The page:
The writers at Paper Masters understand the importance of weekly journaling for classes that have this type of writing assigned. You can have our writers do all of your weekly journal writing that is assigned to you. Simply give us the topics and goal of your course, any other important information, and our writer will do your weekly journal entries.
Often times a student may wonder why a professor assigns weekly journaling for students. A weekly journal aids in the complex processing of information in ways that remain unavailable to the other modes of language processing (listening, talking, and reading are the other three). The primary distinction iterated in this marking of writing particularly vital learning tool is that of the four modes of language processing:
Of these, writing is that only one that fulfills two key criteria. In combining both of these processes, writing engages both hemispheres of the brain that serves as a connective interface that not only facilitates activation of the more complex thought processes but also invigorates the encoding (and recovery) process for storing of data.
Important, too, is the fact that writing as a learning process is self-reinforcing in that "information from the process is immediately and visibly available as that portion of the product already written". Put another way, writing provides the opportunity for abstract concepts to be articulated and tested through their graphic representation on the page and, more importantly to researchers interested in learning, it provides through the relative permanence of the written word an opportunity for a writer to rethink and revise hitherto unarticulated/unrepresented ideas over an extended period of time.
It is this oscillation between the process of thinking through a topic or question and creating a graphic record of the process of that thinking is one of the most important contributions of writing to learning. Although they posit, initially, that writing can actually inhibit the learning process (blocking, as it were, the freedom to explore in favor of the pressure to substantiate in writing), they go on to theorize that writing as learning process establishes a vital dialectical "space" within which the writing process becomes aimed less at a stabilizing end product and more of a graphic representation of the thinking through of ideas. As the revision and rethinking of written ideas continues, therefore, a fuller and richer understanding of those ideas are realized. These ideas are, in turn, written down, which initiates the dialectical negotiation once again.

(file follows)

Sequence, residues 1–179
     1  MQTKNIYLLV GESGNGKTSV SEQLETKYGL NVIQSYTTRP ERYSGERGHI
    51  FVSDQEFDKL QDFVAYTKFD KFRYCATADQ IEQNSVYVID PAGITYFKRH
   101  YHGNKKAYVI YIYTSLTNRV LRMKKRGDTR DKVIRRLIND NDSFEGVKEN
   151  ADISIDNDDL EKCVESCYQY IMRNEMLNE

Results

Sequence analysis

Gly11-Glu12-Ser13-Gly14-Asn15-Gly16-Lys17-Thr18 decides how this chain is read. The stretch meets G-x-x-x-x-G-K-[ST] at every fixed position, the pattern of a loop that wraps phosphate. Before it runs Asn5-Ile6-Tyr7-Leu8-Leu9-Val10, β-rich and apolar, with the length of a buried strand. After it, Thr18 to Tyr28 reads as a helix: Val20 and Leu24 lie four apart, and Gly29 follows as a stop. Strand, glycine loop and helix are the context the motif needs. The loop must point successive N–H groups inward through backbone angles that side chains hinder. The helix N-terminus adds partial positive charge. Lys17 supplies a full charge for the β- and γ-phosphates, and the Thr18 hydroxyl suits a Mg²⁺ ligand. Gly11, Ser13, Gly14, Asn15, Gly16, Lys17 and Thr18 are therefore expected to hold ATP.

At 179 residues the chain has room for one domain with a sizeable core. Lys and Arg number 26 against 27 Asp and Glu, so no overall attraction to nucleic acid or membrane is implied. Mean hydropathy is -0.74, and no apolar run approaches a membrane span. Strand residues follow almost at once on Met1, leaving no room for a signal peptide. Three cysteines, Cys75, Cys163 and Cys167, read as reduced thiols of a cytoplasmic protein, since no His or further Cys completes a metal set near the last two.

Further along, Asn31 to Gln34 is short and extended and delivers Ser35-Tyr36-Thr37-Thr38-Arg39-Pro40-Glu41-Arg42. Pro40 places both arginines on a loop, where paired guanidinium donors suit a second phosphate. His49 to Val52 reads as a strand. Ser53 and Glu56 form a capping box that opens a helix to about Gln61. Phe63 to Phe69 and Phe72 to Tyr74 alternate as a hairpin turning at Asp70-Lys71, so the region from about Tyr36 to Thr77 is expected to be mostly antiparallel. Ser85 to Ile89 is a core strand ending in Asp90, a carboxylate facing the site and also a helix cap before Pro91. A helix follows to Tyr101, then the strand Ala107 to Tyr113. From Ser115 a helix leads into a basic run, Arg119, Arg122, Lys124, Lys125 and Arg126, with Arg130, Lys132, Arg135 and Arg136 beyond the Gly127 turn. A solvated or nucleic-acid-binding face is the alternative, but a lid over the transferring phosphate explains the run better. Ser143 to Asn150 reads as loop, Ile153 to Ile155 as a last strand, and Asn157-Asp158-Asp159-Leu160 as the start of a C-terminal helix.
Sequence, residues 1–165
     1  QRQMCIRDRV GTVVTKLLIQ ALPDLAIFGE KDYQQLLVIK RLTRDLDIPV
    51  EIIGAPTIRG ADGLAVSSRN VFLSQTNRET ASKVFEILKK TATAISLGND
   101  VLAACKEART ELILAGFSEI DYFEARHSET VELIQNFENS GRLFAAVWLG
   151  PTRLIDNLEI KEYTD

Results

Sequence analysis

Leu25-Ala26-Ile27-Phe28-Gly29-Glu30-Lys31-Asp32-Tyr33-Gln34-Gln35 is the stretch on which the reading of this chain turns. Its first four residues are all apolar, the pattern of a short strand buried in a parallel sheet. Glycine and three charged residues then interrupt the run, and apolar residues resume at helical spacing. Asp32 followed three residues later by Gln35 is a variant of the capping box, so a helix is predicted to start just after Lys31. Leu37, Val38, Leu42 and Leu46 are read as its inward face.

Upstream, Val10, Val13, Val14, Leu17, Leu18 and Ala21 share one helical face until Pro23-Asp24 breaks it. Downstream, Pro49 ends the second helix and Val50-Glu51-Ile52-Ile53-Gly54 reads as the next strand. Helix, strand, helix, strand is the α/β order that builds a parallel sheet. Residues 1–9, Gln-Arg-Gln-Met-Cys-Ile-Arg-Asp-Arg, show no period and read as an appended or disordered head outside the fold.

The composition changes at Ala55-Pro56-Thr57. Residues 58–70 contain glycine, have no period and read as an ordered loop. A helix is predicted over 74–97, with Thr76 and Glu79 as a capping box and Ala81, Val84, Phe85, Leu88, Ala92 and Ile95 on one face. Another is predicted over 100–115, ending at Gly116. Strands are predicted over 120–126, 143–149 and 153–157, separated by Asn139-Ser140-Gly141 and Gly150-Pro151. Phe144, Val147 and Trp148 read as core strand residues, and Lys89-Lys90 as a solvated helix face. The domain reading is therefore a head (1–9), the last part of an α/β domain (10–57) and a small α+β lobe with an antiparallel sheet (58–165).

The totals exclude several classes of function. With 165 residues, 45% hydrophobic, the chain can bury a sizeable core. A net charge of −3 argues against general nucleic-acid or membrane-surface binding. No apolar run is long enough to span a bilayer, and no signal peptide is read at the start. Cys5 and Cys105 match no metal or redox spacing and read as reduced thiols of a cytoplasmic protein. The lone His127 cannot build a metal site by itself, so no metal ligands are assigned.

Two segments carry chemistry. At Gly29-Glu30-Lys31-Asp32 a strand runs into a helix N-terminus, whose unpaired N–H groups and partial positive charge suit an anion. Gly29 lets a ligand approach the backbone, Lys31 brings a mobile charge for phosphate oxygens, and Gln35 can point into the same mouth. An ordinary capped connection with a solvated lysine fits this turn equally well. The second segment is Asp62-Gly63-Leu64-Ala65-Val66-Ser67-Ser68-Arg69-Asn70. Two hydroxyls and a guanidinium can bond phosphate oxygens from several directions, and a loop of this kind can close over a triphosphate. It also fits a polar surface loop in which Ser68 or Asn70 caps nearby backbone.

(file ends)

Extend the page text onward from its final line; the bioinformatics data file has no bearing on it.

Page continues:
In addition, elements of graphically represented information (already written) in the form of notes, outlines, or drafts (that is, the fuel of the dialectic process) provide external storage of ideas that can, over the long term, facilitate the organization and goal-setting necessary for storage and recovery of information; as Benton et al. suggest, it is this simultaneous interactivity and iterativeness of the writing process that aids planning, translating, and reviewing of dialectically generating thought. Planning, this study concludes, involves three subprocesses, each of which reinforces the already vital relationship between writing as process and information recovery.
As both a dialectic and synthesizing process, then, writing works to facilitate all three of the abovementioned modes of information recovery. With a graphically represented organizational model of information in place, writers engage by the very nature of writing in the processes of translation (from iconic representation into symbolic coding into graphic representation) and through the processes together into a review process that further secures both encoding and recovery.
Although current research remains ambivalent about the direct relationship between writing and understanding of learned concepts, especially those of an abstract nature, there is less hesitation in stating that writing as a foundational activity in the learning process is at once a synthetic and connective endeavor, allowing an individual to engage the processes of critical thinking and contextualization in vital and necessary ways. To think, as Emerson wrote, is to act, and to write, as composition instructors inevitably begin a new class, is to think.
After you have completed a semester of weekly journal writing, you should reflect on what you learned. At this point, you have had several opportunities to improve your academic writing. Not only have you taken writing assessments, you have had multiple opportunities to improve your writing by reading peer-reviewed journal articles and gaining feedback from instructors. APA writing style should feel more comfortable as you write in the third person, paraphrase, and cite literature, please discuss the following:
- What surprised you about the results (whether positive or negative)? Explain your answer. Please share if your score improved, decreased, or stayed the same.
- In what areas has your writing seen the greatest improvement? Please be specific about how you were able to target one or two areas and improve your level of academic writing.
- Insight into your own growth will, hopefully, help your colleagues. Feel welcome to discuss areas that you wish to continue to develop.
- Finally, state whether the writing assistance programs were beneficial to you as you progressed through your program.